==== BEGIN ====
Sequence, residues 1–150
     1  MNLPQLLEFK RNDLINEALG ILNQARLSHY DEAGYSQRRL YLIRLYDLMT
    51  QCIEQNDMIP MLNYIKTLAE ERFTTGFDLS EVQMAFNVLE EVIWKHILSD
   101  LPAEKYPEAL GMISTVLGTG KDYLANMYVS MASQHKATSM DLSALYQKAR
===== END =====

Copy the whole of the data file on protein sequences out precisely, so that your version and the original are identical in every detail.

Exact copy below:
Sequence, residues 1–150
     1  MNLPQLLEFK RNDLINEALG ILNQARLSHY DEAGYSQRRL YLIRLYDLMT
    51  QCIEQNDMIP MLNYIKTLAE ERFTTGFDLS EVQMAFNVLE EVIWKHILSD
   101  LPAEKYPEAL GMISTVLGTG KDYLANMYVS MASQHKATSM DLSALYQKAR